Saturday, November 15, 2014

Reflections on law and U.S. history

It turns out Louisiana -- and thus New Orleans -- really is different. During the bookapalooza, Rebecca spoke at the law school at Loyola. Our hosts gave us a strange little gift -- it looks almost like a children's book -- from the Louisiana Bar Foundation.

So I actually read it. Apparently the civil law in the Bayou State is

almost as different from the rest of American law as the metric system is from the English system of measurement.

Because of its French history, the state has inherited a Civil Code that expressed the drive of the French bourgeoisie to upend and replace all vestiges of feudal and religious ordinances that encumbered private property. That's one way of describing what the French Revolution of 1789 was all about. By the time an embattled France sold off Louisiana to President Thomas Jefferson in 1803, a civil code expressing the bourgeoisie's optimistic rationalism had become the region's law. Proponents of this sort of Code, called "civilians" in this little book, look to statutes to deduce and order how citizens (male property owners, really) ought to organize their affairs. The rest of U.S. law which derives from the English common law tradition, building a frame for legal behavior inductively out of accumulated generations of particular instances or "cases."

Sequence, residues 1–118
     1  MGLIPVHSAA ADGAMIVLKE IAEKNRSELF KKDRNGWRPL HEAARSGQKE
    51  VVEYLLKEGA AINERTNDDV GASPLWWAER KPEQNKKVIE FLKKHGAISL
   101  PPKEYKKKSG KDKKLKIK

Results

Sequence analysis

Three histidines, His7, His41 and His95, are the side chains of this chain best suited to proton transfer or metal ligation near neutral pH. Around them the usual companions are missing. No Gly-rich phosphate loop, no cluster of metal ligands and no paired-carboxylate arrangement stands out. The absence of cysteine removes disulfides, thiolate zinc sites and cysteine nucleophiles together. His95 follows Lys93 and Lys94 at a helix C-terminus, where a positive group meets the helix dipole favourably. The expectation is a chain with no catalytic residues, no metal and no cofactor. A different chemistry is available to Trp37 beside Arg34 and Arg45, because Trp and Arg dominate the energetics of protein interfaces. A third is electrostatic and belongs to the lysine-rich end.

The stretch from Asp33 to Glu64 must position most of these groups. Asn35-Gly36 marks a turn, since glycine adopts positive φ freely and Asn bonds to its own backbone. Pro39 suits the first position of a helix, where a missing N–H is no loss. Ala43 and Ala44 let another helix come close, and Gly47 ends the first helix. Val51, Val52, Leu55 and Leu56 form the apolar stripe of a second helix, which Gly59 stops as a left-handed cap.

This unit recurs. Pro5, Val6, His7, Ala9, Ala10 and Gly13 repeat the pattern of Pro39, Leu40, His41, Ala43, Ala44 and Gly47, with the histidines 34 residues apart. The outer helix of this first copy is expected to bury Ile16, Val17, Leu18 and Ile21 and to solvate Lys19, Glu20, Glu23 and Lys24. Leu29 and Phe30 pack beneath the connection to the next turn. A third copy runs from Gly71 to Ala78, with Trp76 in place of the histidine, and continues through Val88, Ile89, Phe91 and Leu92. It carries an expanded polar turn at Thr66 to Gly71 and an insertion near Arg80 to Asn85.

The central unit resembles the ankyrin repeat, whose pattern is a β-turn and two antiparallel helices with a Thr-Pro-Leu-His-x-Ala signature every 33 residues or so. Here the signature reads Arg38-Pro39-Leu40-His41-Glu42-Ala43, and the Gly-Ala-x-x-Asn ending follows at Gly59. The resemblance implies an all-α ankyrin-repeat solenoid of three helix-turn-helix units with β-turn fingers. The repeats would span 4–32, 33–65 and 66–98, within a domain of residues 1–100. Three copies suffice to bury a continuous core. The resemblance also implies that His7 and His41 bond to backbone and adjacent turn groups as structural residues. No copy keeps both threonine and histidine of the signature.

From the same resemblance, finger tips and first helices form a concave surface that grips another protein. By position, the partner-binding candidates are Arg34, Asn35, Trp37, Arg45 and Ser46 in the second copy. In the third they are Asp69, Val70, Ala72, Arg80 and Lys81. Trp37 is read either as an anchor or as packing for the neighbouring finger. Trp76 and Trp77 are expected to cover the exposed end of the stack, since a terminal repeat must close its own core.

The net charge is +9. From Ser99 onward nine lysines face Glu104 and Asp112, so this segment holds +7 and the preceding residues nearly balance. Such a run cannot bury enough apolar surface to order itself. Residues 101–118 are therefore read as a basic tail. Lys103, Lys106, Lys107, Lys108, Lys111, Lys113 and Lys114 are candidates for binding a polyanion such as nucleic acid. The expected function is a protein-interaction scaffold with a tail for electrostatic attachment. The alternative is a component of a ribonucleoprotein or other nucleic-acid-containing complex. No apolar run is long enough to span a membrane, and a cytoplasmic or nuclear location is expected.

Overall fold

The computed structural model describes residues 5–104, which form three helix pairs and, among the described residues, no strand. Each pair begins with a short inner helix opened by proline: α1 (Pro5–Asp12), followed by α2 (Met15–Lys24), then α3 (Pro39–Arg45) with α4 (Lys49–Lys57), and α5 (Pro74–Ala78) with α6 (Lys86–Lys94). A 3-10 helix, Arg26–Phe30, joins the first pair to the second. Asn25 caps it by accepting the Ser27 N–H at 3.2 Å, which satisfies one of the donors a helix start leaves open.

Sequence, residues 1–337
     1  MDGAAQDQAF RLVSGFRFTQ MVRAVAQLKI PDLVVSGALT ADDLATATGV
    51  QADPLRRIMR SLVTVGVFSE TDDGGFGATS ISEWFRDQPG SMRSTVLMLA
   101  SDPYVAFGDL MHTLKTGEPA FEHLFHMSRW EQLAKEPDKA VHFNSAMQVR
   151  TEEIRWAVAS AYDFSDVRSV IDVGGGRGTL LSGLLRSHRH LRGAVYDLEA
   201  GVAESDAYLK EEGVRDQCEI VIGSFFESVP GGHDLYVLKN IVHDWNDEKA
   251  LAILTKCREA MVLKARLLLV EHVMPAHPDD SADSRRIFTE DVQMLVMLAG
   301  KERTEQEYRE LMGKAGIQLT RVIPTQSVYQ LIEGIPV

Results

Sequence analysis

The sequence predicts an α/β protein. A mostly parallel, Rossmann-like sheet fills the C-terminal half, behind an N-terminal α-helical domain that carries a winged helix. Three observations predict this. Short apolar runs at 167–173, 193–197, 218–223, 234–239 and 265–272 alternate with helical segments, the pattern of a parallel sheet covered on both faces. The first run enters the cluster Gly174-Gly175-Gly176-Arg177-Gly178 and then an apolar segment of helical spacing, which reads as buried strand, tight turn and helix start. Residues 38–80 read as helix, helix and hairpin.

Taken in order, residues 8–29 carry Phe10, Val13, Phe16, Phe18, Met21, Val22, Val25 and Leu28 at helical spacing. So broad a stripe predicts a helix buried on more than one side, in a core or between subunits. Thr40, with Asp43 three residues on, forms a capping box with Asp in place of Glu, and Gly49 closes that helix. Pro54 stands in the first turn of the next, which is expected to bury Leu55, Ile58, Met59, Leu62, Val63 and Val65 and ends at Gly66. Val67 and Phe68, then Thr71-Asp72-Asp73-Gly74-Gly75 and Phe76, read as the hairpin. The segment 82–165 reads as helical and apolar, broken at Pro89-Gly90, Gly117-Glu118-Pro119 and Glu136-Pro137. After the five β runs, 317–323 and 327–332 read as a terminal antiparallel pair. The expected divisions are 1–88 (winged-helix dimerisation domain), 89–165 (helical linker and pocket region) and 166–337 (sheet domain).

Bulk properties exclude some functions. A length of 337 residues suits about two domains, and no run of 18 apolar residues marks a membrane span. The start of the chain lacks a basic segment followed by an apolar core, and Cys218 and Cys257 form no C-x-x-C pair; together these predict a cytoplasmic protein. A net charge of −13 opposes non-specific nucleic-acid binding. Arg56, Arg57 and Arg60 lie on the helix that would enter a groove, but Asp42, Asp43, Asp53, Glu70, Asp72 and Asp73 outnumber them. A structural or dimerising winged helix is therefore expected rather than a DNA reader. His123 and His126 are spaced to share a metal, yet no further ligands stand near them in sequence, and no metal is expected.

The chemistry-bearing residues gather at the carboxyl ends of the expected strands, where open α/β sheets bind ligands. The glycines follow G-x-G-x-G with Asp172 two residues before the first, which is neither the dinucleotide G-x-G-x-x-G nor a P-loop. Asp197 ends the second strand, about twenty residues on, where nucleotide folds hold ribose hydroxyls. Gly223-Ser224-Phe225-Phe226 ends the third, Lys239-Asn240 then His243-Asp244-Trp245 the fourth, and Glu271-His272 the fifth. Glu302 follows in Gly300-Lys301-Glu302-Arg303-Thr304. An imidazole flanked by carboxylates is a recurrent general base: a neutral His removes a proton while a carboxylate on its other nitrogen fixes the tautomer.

The civilians' debate with common lawyers about the best way to make law reflects their antithetical assumptions about the power of generalized rules over men's lives. These assumptions, in turn, are linked to the civilian's preference for deduction and the common lawyer's attachment to induction as ways of reasoning about legal issues. The civilian, unless he assumed that the code stated generally valid standards, could not deduce a result by manipulating its provisions. By contrast, a common lawyer would not bother with close analysis of individual precedents if he thought their meaning could be captured for all time in a terse code provision. The differing assumptions about the power of inductive and deductive reasoning are linked to contrasting assumptions about the unfolding of history. As we have noted already, a civilian must believe that history is orderly enough to permit terse generalization. A common lawyer is much less confident than his civilian counterpart about the predictability of history.

Most of us are so steeped in a world shaped by the common law's assumptions that utilitarianism and pragmatism come naturally. Might this be a different country if the ideological assumptions of the Code Civil -- the belief that legislators can prescribe a right society -- had shaped our laws?

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